When I first installed the meter, I was hauling the TC on a ‘95 F350. I put it in the hole on the right. When I got an F450, because it’s wider I had to add some extensions to the swing-out brackets on the front jacks, which made them swing in further and cover up about half of the charge meter face. I moved it to the left a few inches, and I’m planning to install a waterproof remote switch for the inverter in the old hole. The old remote switch was inside the battery box, but it will be more convenient if it’s in this location.

This is what’s under the water heater. I’ve cleaned this area up a lot.

[image]

I still have some work to do before I can put the water heater back in. I have a new battery disconnect switch ordered, and it will be easier to install If the water heater isn’t there.

[emoticon][emoticon]

* This post was last edited 06/22/18 04:05pm by NRALIFR *   View edit history

SidecarFlip

SE Michigan

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Joined: 10/09/2016

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Posted: 06/22/18 08:53am Link  |  Quote  |  Print  |  Notify Moderator

Hard to beat welding cable for electrical (low loss) hookups. Sold around here by the foot and every farm store carries it. One good thing about welding cable is the neoprene jacket. Heavy and abrasion resistant.


2015 Backpack SS1500
1997 Ford 7.3 OBS 4x4 CC LB

MEXICOWANDERER

las peñas, michoacan, mexico

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Posted: 06/22/18 10:48am Link  |  Quote  |  Print  |  Notify Moderator

Polyvinyl Chloride has a single plus feature going for it and lots of minuses. PVC is hard to slice and hard to do everything else in including bending the wire. Neoprene (Hypalon) is hard to abrade as noted above but it slices easier than PVC. EDPN DLO wire (locomotive) is a bit stiffer than hypalon but resists sliced much better and abrasion much better.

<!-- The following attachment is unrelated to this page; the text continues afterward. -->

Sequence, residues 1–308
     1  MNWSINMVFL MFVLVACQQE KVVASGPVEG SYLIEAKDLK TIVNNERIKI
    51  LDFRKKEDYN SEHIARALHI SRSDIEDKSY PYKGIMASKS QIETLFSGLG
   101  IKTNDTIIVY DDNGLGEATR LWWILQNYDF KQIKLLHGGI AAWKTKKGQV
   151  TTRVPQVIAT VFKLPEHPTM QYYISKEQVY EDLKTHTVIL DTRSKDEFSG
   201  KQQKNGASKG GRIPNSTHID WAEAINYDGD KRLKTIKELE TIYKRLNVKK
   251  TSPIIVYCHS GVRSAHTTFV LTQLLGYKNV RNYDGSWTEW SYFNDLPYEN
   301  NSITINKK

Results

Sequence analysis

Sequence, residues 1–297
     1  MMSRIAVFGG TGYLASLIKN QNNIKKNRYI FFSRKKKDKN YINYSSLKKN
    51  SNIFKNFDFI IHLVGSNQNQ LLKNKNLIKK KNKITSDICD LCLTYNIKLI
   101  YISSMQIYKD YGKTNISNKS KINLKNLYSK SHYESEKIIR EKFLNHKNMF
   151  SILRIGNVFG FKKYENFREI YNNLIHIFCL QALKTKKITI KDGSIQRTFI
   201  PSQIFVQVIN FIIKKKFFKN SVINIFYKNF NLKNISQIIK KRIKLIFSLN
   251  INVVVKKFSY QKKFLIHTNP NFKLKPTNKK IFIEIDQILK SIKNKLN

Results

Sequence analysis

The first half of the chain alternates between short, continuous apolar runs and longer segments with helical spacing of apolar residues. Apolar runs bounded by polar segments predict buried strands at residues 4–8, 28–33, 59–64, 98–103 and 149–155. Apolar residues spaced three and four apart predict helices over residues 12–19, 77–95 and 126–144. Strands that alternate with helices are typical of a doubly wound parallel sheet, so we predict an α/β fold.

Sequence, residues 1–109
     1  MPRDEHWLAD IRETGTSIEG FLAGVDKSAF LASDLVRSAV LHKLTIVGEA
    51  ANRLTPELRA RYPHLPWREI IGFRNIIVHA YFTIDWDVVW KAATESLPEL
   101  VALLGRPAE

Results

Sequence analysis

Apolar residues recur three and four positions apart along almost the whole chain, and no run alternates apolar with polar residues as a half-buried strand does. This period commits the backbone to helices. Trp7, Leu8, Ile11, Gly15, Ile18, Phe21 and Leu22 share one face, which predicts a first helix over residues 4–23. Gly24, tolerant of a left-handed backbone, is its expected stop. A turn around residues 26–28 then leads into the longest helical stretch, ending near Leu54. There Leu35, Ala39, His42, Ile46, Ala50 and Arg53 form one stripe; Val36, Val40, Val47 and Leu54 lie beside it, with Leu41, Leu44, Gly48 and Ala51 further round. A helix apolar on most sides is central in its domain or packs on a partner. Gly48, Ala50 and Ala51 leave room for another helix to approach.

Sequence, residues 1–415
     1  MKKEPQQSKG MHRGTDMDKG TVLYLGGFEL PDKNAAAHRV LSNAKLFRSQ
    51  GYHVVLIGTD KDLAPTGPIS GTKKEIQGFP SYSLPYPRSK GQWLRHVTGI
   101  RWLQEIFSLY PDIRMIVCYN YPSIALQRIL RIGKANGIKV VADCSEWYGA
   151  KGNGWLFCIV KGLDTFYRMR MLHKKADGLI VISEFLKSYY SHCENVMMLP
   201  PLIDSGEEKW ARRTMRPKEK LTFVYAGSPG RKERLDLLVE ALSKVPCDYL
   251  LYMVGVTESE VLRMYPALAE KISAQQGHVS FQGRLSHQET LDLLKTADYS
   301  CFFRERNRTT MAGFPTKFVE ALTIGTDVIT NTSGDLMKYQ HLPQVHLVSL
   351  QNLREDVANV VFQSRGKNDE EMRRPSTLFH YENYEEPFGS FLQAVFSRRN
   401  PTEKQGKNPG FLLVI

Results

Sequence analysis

Rope stranded silicone jacketed wire is truly "wet spaghetti" flexible but other than having a very high temperature tolerance the insulation is delicate and definitely not as tough as either hypalon or PVC. Teflon, kynar, and other aerospace jacketing is both tougher and stiffer than hypalon.

NRALIFR

Truck Camping Out West

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Joined: 11/27/2005

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Posted: 06/22/18 11:06am Link  |  Quote  |  Print  |  Notify Moderator

The 4 gauge wire I used is TEMCo brand.

It’s not DLO wire, but it does have an EPDM jacket. It’s very nice to work with.

[emoticon][emoticon]

MEXICOWANDERER

las peñas, michoacan, mexico

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Posted: 06/22/18 11:14am Link  |  Quote  |  Print  |  Notify Moderator

DLO attributes are it's rope stranded, tinned, and the jacket is rated for 3KV. Not necessarily an advantage to have ultra thick jacket.

PS I like your system [emoticon]

It alleviates a lot of the "Stupid" in new vehicle charging system voltage irregulation.

NRALIFR

Truck Camping Out West

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Joined: 11/27/2005

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Posted: 06/22/18 11:27am Link  |  Quote  |  Print  |  Notify Moderator

Thanks. That’s why I gritted my teeth and bought the Redarc. I’ve been underwhelmed with the charging performance of this new truck. The ECM just won’t let it do what my older trucks were doing.

I just wish they weren’t so spendy.

[emoticon][emoticon]

SoundGuy

S Ontario

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Posted: 06/22/18 11:37am Link  |  Quote  |  Print  |  Notify Moderator